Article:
The saying goes that best things in life are free. But there are some pretty fabulous things that are not free, actually far from it.
Things that are expensive:
Seven nights at this holiday house at Port Douglas – $30,000 (off-season, of course)
Gucci Soft Stirrup Crocodile Shoulder Bag – $35,000 (and I bet I’d still not be able to find my keys unless I tipped the whole thing out)
Bottle of Dom de la Romanee Conti St Vivant Grand Cru Cote Nuit Vosne Burgundy – $38,000 (will still make your teeth and tongue go purple, but in a really fancy French way)
There are also some really shit things that are really fucking expensive:
On average, cancer costs the patient $47,200 out-of-pocket. That is, $47,200 which is not covered by Medicare or private health insurance (if you have it). $47,200 that you either have to pay out in direct medical expenses such as specialist visits, surgeries, treatments and medications, travel expenses, increased need for child care, ongoing need for specialist devices and prosthetics (aka the actual boob in the actual box), or that you lose because of time off work for either you, or your carer, or both.
The amount cancer costs an individual varies on the type and stage of cancer and their life situation. In my case, in terms of actual medical expenses, breast cancer is one of the cheaper cancers because it is common and the treatments are readily available and therefore not as expensive. It also doesn’t require a lot of medical imaging tests, unlike many other cancers such as those within the organs. Having said that, my cancer was at an advanced stage and so my treatments were complicated and heavy-duty. My out-of-pocket medical expenses added up to just over $12,000 in eight months.
I have premium private health insurance, which covered the bulk of my $48,000 total treatment bill, but I still had to fork out for the many gap amounts which have to be paid by the patient, and then there was the cost of a seemingly endless array of medications. These medications aren’t actually to treat the cancer (as the chemotherapy drugs are paid for by your health insurance), but rather are to treat the side effects of the cancer. Endone for pain, steroids to boost immunity, temazepam for insomnia caused by the steroids, neulasta to prevent infection, SM-33 gel for mouth ulcers, silver sulfadiazine for radiation burns, amoxicillin for post-radiation burn infections …. and there’s your $12k gone.
As well as the $12,000 spent on medications, I lost in excess of $50,000 in income, as my income protection insurance did not cover my full salary. At the time of diagnosis I was the sole income earner, yet despite losing a breast, all of my hair, a fair amount of my sanity and more than $60,000 in the space of a year, I am one of the lucky ones. I could afford to pay for everything I needed. I had some income protection insurance. We were well ahead on our mortgage and were able to access that money to pay for my out-of-pocket expenses. We lived close to treatment centres so travel and accommodation did not have to be paid for. Dave put his degree on hold and found a job quickly that thankfully had the flexibility to enable him to care for our young child and me. We took a financial hit, but we have been able to come back from it. This is not the case for many people, and it will continue to get worse if the planned changes to Medicare go ahead.
The recent federal budget announcement in Australia was followed by a shit storm in the media about the mooted changes to Medicare. Most of the media coverage, and the associated discussion on social media, was about the government’s plans to introduce, from July 2015, a $7 co-contribution charge for GP consultations and out-of-hospital pathology services, and an extra $5 towards the cost of each PBS prescription. What did not get much attention or discussion was the proposed changes to out-of-pocket costs for medical imaging such as CAT scans, MRIs and x-rays. The Australian Diagnostic Imaging Association says as a result of the budget most patients will have to pay $90 upfront for an x-ray, $380 for a CAT scan, up to $160 for a mammogram and up to $190 for an ultrasound. A PET scan will cost over $1000 upfront. Whether you are a public patient (with some exceptions) or have private health insurance is irrelevant. These will be your upfront payments.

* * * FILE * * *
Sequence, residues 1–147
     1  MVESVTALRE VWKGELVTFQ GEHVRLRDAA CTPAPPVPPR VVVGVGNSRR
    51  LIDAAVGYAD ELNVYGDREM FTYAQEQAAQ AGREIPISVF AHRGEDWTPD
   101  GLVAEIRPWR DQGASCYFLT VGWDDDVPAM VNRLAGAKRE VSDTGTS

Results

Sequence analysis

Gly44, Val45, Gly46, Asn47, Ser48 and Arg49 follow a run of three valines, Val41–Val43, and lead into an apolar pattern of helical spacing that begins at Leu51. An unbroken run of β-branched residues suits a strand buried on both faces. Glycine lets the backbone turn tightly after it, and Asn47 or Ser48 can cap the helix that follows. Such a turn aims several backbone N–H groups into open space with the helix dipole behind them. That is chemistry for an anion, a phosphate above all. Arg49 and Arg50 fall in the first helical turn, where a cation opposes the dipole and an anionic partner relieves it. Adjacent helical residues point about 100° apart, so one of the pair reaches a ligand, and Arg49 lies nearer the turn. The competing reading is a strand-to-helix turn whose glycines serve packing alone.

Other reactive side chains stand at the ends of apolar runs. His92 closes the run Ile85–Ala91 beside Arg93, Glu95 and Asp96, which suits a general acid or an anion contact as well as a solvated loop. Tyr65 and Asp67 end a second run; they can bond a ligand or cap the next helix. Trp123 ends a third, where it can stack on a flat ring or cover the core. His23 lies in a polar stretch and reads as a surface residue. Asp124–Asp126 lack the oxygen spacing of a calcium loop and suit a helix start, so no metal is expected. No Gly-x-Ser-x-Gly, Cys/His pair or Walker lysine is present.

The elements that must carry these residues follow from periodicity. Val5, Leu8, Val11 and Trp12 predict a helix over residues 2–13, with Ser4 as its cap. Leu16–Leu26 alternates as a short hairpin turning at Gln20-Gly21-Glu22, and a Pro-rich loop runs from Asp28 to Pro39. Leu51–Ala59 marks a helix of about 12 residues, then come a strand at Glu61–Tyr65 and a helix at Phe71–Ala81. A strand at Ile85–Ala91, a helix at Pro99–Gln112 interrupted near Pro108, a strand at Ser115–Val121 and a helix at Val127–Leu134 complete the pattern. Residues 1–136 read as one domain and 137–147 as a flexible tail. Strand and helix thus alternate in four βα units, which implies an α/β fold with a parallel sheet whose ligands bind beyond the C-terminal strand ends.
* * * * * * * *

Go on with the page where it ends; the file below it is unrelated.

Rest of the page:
If you have, for example, advanced bowel cancer, you may require some sort of scan every 2-3 weeks during your treatment, which can go on for years. You may require a CAT scan one week, and a follow-up PET scan two weeks later. If these changes to Medicare proceed, you could be facing an outlay of $1380 every month just for basic testing. It should be stressed that this testing is not being done for shits and giggles (pardon the arse cancer pun there), it is being done so that decisions can be made about the type of treatment needed, and whether treatment is working or needs to be adjusted. Cancer patients universally hate scans because of the enormous and soul-destroying anxiety caused by the wait for results, so having to pay thousands of dollars each month for a dose of scanxiety just adds insult to injury.
Cancer is not something that happens to old people, or rich people, or other people. It happens regardless of where you’re at in life, and the worry about the financial cost adds another dimension to a really shit situation. I can tell you from experience that lying in your hospital bed alternating your worry between whether you are going to die and whether you will be able to pay the mortgage is horrendous. To exponentially increase the cost of doctors visits, medications and scans will mean that some patients simply will not be able to afford the treatments or tests they need.
If you want to register your concern regarding the proposed changes to Medicare, so that every person in this country can afford to access the health care they need to stay alive and live well, here’s what you can do: